That first recipe I tackled however turned out to be a bit more involved, but I couldn’t resist the idea of the sweet and sour tomatoes (marinated in honey, coriander seeds, rosemary, garlic, vanilla and sherry vinegar) that accompanied slow cooked beef cheek (I substituted some very nice braising steak) with courgettes, fried polenta, aubergine caviar and balsamic vinegar sauce made from the braising liquor. It was well worth the effort.

What will I love? The book’s bold and colourful graphic design and the clean and simple food styling and photography that really lets the dishes stand for themselves.

What won’t I love? Let’s get the price out of the way. Eureka costs £38 (plus £10 delivery charge!!) and is only available from the restaurant’s online store (linked below) or for £2 more, from the publishers site. That is a lot of money for a 224 page book with just 80 recipes. For comparison, Jeremy Lee’s recently published Cooking is nearly twice the length and has a cover price of £30, although at the time of writing is available for £15.

That makes some relatively minor shortcomings all the more difficult to stomach. Apart from being grouped into chapters headed starters, fish, meat, vegetables, desserts and staples and basics, recipes appear in almost random order. A starter of gem lettuce appears on page 42 and then another pops up ten pages later. Similarly you’ll find confit duck leg on page 108 and confit leg of duck on 122. The garnishes are different but its exactly the same recipe for the duck leg, so why not group them together? There are quite a few other similar examples. It’s a quibble, but it makes the book appear a little bit thrown together, as does the repetition of text in that otherwise lovely recipe for slow cooked ox cheek. If you follow the instructions as written, you’ll be roasting your aubergine for 30-40 minutes twice.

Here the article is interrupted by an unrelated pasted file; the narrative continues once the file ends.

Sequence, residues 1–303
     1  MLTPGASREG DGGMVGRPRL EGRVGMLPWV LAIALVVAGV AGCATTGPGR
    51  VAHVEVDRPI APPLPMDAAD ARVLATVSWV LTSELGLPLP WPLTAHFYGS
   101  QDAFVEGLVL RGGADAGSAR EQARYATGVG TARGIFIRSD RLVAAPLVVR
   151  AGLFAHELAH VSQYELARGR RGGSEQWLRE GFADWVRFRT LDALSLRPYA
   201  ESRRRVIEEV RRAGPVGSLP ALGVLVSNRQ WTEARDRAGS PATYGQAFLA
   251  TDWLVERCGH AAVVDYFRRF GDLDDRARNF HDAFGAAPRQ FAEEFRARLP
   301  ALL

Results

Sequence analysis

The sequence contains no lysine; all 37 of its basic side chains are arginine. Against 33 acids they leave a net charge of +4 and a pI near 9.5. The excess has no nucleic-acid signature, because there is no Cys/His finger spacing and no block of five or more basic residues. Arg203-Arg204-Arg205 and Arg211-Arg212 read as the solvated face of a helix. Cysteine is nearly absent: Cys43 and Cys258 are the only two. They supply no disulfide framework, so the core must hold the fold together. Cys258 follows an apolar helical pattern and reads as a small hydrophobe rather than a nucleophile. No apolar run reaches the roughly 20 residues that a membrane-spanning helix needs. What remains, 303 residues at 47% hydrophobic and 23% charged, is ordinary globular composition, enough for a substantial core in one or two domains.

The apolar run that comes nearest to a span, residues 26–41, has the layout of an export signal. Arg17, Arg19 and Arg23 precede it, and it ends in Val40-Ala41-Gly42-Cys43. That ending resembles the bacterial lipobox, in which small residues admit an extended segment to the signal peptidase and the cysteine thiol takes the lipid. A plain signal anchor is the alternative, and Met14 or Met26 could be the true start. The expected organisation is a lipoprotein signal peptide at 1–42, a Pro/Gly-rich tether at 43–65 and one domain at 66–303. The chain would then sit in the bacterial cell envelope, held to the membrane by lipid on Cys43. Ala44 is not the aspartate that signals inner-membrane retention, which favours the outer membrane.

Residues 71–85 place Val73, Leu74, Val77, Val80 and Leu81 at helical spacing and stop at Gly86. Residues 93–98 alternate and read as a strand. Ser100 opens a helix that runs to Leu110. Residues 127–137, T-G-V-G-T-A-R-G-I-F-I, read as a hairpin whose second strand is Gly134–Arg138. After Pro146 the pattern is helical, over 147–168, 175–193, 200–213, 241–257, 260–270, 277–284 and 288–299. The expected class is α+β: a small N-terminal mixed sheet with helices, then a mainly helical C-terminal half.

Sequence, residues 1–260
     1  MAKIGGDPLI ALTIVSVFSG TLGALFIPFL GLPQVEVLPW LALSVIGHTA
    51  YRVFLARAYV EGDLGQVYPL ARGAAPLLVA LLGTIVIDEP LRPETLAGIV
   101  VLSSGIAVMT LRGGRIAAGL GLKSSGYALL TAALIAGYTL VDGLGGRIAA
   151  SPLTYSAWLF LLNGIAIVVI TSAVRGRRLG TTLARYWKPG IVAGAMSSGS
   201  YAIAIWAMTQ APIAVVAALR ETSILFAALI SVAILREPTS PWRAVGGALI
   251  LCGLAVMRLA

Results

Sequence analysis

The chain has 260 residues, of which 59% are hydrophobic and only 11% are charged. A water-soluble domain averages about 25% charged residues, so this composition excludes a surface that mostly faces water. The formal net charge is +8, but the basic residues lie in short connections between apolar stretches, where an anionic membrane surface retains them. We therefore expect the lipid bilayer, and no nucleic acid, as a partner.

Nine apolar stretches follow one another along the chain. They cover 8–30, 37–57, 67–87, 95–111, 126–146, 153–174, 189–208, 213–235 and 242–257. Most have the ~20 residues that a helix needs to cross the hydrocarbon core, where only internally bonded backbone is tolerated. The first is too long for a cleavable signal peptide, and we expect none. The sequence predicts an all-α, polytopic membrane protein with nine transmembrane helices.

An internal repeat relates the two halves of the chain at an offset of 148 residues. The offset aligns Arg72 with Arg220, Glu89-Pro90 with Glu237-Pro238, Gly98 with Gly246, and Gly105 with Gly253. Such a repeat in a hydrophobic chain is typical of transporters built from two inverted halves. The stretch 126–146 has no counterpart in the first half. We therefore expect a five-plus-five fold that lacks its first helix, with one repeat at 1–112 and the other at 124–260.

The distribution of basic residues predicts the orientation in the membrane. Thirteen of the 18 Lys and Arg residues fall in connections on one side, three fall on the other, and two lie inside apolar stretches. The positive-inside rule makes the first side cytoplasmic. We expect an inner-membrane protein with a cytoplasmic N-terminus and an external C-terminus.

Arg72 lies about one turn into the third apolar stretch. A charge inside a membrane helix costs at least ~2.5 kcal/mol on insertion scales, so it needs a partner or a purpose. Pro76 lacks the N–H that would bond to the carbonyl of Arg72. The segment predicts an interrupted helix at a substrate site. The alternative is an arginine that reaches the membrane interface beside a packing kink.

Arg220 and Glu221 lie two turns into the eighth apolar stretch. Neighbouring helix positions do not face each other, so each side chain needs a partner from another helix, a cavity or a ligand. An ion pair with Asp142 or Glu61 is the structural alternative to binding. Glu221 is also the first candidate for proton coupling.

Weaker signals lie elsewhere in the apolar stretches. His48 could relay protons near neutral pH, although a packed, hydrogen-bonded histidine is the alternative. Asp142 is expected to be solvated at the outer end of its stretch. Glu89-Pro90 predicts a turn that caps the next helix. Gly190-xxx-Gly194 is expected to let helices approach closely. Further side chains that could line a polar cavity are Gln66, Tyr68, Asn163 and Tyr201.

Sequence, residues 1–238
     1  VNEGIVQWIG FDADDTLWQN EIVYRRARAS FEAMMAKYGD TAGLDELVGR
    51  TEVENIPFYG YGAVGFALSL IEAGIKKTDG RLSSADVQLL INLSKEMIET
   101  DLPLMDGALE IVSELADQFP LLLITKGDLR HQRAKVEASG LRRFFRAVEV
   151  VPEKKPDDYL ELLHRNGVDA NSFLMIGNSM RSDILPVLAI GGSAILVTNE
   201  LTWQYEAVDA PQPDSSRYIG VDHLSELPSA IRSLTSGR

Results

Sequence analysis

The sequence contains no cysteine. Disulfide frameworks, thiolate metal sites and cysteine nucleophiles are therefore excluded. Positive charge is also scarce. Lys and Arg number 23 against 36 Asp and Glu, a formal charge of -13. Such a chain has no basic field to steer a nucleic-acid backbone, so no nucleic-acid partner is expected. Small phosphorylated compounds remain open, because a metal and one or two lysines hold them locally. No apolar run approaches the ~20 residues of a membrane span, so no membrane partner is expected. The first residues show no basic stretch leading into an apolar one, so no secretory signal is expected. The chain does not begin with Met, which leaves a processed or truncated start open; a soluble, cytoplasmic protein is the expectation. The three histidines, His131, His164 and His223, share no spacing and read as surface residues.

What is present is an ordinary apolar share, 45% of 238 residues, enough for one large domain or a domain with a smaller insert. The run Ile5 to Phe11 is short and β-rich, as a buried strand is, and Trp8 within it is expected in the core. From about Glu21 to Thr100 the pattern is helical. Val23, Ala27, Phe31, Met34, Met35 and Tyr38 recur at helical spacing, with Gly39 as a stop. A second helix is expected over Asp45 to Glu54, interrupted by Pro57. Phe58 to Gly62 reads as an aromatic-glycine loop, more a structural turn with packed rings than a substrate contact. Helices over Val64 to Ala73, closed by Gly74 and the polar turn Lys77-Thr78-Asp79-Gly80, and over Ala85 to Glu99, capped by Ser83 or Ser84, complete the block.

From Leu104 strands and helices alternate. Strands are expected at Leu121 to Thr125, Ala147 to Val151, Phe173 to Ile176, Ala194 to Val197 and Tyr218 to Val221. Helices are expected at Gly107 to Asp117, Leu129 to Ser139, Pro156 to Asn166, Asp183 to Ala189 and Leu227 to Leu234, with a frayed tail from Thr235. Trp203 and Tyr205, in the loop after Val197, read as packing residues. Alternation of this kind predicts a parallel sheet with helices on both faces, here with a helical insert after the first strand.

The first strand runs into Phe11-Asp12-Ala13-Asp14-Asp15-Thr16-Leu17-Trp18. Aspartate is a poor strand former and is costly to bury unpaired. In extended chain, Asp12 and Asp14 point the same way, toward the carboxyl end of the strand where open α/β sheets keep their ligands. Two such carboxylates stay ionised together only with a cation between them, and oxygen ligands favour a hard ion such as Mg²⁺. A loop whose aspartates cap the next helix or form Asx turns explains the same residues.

Another irritation is that the staples and basics recipes at the back of the book are reference in the main body of recipes but never by page number, only by chapter, so you have to search through the 18 page chapter to find them. One more annoyance is that it’s not until half way through the introduction that you learn that the book is named after the cooking school at Simpson’s restaurant which explains the otherwise mysterious title. It’s also not immediately obvious that the introduction is an interview with Antona as his name never appears in it. None of these complaints are significant but just a tiny bit more thought and care would have improved the reading experience greatly.